While it might not look like much, the “Pulled Pork Nachos topped with Onions, Cheese, Spicy Mayo, Tomatoes, and Pineapple Salsa” are among the most filling, satisfying meals or shareable snacks on property, particularly considering the price is under $10. A don’t miss.
The Pineapple Lanai is just outside the Great Ceremonial House about a minute away from the Lava Pool. This is home to Dole Whips and Pineapple Floats. It’s also the only location on property that ordinarily serves the Vanilla version, either by itself or swirled with pineapple.
Typically operating from 11am-8pm, the Oasis Bar & Grill is conveniently located inside the Oasis Pool Complex, serving specialty drinks and unique food.
Like this “Sashimi of Tuna, Salmon and Hamachi served with Wakame Salad.”
Here, the vibrant colors of the “Spinach and Watermelon Salad with Grilled Chicken served with Cashews, Radish and Honey-Lime Dressing” really pop. Everything is so fresh and the serving size is huge.
“Portuguese Doughnuts served with Passion Fruit Curd.” And because it’s behind a gate that requires a MagicBand to enter, there’s typically nobody waiting in line, making for an easy experience.
Grab & Go items and drinks are also available from the Barefoot Pool Bar at the Lava Pool.
One of Walt Disney World’s more unique experiences is the Spirit of Aloha Dinner Show, which blends 2+ hours of live entertainment with an all-you-care-to-enjoy meal served family-style.
I have a recent full review here.
With ten unique options, almost all of which are fantastic, Polynesian dining is well above average with plentiful and varied options. The only thing it’s missing is a signature restaurant, but you’ve got Citricos and Narcoossee’s just one monorail stop away at the Grand Floridian, in addition to Victoria & Albert’s. Transportation time over to California Grill at the Contemporary should only add about five minutes.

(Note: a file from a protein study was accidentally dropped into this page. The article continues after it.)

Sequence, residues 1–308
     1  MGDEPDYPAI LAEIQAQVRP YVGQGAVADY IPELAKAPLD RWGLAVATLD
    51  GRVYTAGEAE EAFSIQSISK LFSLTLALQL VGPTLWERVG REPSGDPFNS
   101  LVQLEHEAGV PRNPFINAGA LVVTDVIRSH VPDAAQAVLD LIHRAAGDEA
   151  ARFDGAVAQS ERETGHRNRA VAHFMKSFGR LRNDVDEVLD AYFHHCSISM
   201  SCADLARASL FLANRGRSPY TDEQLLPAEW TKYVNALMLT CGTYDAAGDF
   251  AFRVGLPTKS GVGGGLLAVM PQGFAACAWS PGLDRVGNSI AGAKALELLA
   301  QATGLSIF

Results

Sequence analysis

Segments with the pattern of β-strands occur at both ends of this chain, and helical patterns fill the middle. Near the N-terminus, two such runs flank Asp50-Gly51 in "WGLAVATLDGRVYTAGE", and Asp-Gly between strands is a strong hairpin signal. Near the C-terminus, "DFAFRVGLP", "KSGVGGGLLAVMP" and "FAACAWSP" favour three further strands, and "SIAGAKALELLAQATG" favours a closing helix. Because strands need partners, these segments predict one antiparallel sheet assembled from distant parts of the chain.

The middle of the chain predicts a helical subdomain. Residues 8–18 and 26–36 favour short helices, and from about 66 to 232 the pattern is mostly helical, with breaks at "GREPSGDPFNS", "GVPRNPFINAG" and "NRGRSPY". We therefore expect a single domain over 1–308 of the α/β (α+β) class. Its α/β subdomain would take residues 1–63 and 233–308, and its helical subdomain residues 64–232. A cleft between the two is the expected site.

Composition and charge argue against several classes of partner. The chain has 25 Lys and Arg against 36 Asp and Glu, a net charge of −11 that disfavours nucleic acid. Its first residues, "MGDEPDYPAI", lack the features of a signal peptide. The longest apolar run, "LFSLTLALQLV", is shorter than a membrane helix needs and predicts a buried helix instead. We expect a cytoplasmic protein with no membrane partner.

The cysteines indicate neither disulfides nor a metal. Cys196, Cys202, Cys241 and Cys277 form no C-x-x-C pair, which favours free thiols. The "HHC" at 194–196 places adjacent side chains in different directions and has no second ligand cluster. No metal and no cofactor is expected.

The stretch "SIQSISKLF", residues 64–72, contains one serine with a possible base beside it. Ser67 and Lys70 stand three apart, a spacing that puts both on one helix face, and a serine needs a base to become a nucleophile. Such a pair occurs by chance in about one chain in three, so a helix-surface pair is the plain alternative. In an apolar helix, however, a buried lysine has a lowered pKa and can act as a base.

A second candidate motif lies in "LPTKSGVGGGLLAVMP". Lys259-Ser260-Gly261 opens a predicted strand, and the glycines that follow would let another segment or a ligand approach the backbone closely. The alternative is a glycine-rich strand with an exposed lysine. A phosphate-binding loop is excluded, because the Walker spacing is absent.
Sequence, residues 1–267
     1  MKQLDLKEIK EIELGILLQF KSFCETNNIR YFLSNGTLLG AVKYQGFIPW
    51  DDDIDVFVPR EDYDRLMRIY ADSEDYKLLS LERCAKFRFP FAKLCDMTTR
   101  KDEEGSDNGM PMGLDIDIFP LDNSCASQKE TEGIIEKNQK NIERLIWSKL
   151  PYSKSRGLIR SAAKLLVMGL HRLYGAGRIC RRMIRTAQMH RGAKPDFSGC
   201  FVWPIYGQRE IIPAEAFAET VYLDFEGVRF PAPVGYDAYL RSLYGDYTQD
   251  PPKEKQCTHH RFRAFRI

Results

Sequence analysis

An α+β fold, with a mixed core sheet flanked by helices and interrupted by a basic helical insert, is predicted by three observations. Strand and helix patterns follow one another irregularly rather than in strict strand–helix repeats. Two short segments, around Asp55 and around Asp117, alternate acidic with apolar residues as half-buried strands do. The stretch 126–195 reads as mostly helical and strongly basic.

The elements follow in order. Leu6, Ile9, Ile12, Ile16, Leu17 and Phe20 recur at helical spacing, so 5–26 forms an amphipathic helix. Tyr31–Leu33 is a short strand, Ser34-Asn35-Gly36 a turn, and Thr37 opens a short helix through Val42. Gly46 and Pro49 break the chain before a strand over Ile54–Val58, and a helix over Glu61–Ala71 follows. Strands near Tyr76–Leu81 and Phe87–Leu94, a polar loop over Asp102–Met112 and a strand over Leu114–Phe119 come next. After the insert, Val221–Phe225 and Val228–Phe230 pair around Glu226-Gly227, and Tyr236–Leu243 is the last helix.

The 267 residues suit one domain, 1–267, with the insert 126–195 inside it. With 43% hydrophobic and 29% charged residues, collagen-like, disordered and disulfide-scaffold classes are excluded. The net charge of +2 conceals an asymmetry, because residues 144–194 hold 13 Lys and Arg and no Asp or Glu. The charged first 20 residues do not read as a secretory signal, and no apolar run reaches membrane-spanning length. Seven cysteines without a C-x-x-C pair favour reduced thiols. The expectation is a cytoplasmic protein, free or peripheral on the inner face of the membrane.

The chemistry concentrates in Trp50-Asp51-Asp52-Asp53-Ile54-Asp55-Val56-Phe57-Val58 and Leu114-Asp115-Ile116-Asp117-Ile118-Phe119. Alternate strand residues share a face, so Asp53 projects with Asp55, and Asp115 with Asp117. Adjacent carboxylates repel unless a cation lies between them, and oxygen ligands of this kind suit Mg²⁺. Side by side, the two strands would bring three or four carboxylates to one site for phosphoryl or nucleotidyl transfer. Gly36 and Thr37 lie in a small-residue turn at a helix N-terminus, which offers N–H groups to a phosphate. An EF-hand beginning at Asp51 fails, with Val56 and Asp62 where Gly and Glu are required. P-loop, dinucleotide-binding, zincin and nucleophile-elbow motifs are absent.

The resort offers an array of merchandise with the resort logo, in addition to some Hawaiian food items and coconuts that you can actually mail to friends, family, or me.
Trader Sam’s Grog Grotto apparel is available, in addition to some fun tiki mugs.
It’s worth checking out.
Polynesian Village has a lot of amenities to offer all of its guests, including one of the prettiest, most immersive themes of any resort on property. It’s virtually impossible to beat on location with the monorail and watercraft access, plus the ability to save some time by walking to the Transportation and Ticket Center for the Epcot Monorail. Dining isn’t the fanciest, but there are a lot of fun options and visiting either the Grand Floridian or Contemporary is convenient. The pools are extravagantly themed and the addition of the Oasis Pool and water play area expand the offerings further.
Specific to the Disney Vacation Club, the Polynesian offers the largest Studio accommodations on property with the addition of the second bathroom. The color scheme is also brighter and more playful than standard rooms and some guests may find benefit in the couch/sleeper sofa over a second bed, particularly if one bed is all that’s necessary. The Studios also sleep five better than most rooms with the size and location of the Murphy Bed.
Contact Rachel Thompson at www.dvcmagicresales.com for more information on selling or purchasing a DVC contract for the Polynesian Village Resort or any other Disney Vacation Club property. I don’t think there’s an agent out there who will take better care of you.